to be human is to be forgetful.
We’ve got various brands of it; some of us (those of us who suffer depression) forget good, happy, sunny things very easily and see more clearly and pointedly those things that are wrong and dark and evil, some of us easily and often forget clouds and rain with an ease of focus (habituated, of course) on the good, happy, positive things of life. Some of us forget where we’ve come from, or forget our first love, or forget to fill the gas tank.
Worship that is the same every Sunday (in churches like the Lutherans, Roman Catholics, and Episcopalians) is built on the premise that people are forgetful by nature. We say the same creed and say the same prayers and retell the story of God every single Sunday (and often, several times at masses or Eucharists throughout the week) because we know how easy it is to forget the foundation our faith is built on–God’s love for and interaction with humanity.
This week, I’ve been in Minnesota, burying my paternal grandfather with the company of my grandma, siblings, parents, cousins, uncles and aunts. Over the course of the Sunday night wake, the Monday morning visiting hours and funeral, and the Tuesday morning interment at Fort Snelling National Cemetery, we spent a lot of time with our new friend, Shirley the funeral director, from the Cremation Society of Minnesota.
As we were parting ways on Tuesday, Shirley told us, with tears in her eyes, that in her many years and hundreds of funerals, she’d never seen a family so tight-knit, appropriate, timely, and full of love. My uncle responded, pointing to the wooden box still sitting on the casket frame, “it all started with him.” Grandpa’s witness of love and hard work is far from gone; it is alive and well in his children and grandchildren. Many times over the last weeks, Grandpa’s monologues or actions were explained with, “it was a very German thing to do,” or “Thomeys like to have a plan.” Constantly reminded of our heritage and roots, we are able to stand tall and confident, sure of our foundation in Alsacian blood and the culture that Chuck and Kay Thomey cultivated for their family.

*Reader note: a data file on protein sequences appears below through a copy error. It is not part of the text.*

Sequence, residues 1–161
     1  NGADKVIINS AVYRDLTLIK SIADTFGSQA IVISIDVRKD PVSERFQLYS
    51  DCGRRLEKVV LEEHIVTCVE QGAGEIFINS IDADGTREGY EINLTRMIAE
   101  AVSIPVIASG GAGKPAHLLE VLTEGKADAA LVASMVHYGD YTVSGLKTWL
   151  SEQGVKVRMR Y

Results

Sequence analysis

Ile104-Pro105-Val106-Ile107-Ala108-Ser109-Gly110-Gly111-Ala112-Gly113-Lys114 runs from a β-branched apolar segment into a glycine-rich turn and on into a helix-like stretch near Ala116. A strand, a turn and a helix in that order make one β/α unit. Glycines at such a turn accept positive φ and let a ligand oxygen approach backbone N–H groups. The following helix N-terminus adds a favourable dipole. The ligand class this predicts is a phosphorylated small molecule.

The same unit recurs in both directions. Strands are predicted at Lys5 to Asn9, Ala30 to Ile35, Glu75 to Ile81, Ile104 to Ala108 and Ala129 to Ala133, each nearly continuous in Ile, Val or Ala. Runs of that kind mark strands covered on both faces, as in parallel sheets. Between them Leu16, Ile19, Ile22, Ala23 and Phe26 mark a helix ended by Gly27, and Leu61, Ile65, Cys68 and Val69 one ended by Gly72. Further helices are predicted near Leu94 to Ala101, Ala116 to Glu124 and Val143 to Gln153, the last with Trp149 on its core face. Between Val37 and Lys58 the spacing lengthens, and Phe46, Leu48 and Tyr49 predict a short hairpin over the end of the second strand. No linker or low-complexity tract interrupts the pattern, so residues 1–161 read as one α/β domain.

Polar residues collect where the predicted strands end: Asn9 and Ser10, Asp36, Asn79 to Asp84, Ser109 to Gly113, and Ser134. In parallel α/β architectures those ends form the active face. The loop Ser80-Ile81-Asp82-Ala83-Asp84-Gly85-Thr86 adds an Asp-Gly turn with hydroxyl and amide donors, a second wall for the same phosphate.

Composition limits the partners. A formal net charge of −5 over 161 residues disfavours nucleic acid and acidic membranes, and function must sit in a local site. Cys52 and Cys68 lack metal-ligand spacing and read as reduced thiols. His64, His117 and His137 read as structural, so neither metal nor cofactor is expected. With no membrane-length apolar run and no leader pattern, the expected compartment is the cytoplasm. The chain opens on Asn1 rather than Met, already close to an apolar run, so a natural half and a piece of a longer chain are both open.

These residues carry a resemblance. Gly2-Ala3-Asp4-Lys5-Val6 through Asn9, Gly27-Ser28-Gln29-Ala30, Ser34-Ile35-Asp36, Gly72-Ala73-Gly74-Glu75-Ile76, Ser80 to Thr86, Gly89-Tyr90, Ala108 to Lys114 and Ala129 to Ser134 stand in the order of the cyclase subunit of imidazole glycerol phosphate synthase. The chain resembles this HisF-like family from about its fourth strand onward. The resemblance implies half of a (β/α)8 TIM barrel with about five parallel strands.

The last month, I’ve been fortunate to hear family stories over and over again, to be amongst people who intuitively understand the need to know what time the next meal will be, the importance of debating various surface-road routes to popular destinations, and the itchy need to arrive 15 minutes early to everything. Whether you have a tight-knit biological, ancestral, or adopted family, you surely belong as part of God’s family.
And that’s the point of all the stories–whether about the German/Alsacian Thomeys, or about Midwesterners, or Southerners, or the clan which claims you–they’re imperfect snapshots and impressions of our one true family, God’s family. How much more are we (humanity) bound together and defined by the God who fills the world with his presence?